wherein the acquiring unit is adapted to acquire, as the information, information indicating the voltage of the battery as well as the voltage of the power source circuit.
7. The apparatus of claim 2, comprising a memory device that memorizes interval information indicating intervals between fuel injection operations of the injector,
wherein the acquiring unit is adapted to acquire, as the information, information indicating the interval information memorized in the memory device.
8. The apparatus of claim 2, comprising a memory device that memorizes number-of-times information indicating the number of times of successive fuel injections of the injector,
wherein the acquiring unit is adapted to acquire, as the information, information indicating the number-of-times interval information memorized in the memory device.
9. The apparatus of claim 2, comprising a temperature obtaining unit that obtains a temperature of the apparatus,
wherein the acquiring unit is adapted to acquire, as the information, information indicating the temperature of the apparatus.
10. The apparatus of claim 9, wherein the temperature obtaining unit is adapted to obtain the temperature of the injector and a control circuit equipped with the charger and a power source circuit that supplies power to the charger.
11. The apparatus of claim 9, wherein the temperature obtaining unit is adapted to estimate the temperature of the apparatus based on operated conditions of the internal combustion engine.
12. The apparatus of claim 11, wherein the temperature obtaining unit is adapted to estimate the temperature of apparatus based on at least one of bits of information indicating the number of times of operations of the injector per unit time, a temperature surrounding the injector, a temperature of cooling water of the internal combustion engine, a temperature of lubricant of the internal combustion engine, and a temperature of the internal combustion engine.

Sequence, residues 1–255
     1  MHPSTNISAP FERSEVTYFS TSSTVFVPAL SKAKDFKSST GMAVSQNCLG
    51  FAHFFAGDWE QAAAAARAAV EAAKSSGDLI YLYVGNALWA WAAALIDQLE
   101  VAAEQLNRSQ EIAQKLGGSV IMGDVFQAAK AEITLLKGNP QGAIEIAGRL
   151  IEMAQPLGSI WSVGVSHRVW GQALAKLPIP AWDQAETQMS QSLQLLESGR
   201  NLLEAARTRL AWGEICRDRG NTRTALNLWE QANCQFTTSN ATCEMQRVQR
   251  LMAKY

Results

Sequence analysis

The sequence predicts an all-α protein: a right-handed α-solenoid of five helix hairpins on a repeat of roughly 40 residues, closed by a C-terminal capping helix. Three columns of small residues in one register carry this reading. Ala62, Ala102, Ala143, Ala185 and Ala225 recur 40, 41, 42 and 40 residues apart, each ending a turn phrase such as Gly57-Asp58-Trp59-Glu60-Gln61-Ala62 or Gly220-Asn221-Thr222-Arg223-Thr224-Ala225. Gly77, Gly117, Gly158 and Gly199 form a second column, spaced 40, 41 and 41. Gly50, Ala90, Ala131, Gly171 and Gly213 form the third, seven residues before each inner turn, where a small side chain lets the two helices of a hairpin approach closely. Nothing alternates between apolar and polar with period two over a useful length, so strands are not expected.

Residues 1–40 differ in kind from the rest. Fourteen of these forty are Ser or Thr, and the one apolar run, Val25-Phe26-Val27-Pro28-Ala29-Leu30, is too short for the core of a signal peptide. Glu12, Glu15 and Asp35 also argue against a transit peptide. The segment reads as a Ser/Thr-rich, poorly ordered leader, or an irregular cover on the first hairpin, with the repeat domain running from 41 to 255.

13. The apparatus of claim 2, comprising
a further temperature obtaining unit that obtains a temperature of the injector,
wherein the acquiring unit is adapted to acquire, as the information, information indicating the temperature of the injector.
14. The apparatus of claim 13, wherein the further temperature detecting unit is adapted to estimate the temperature of the injector based on at least one of bits of information indicating the number of times of operations of the injector per unit time, a temperature surrounding the injector, a temperature of cooling water of the internal combustion engine, a temperature of lubricant of the internal combustion engine, a temperature of the internal combustion engine; and a temperature of the fuel.
15. The apparatus of claim 1, wherein the information is information indicating a characteristic of the apparatus.
16. The apparatus of claim 15, wherein the information indicating the characteristic of the apparatus is information indicative of a relationship between the command value and the electric energy accumulated at the piezoelectric element.
17. The apparatus of claim 16, comprising a memory device memorizing, as the information indicating the characteristic of the apparatus, information indicating either a resistance or an inductance of a wire eclectically connecting the charger and the injector,
the correcting means is adapted to correct the command value based on the information memorized in the memory device.
18. The apparatus of claim 17, wherein
the injector is composed of a plurality of injectors each charged by the charger,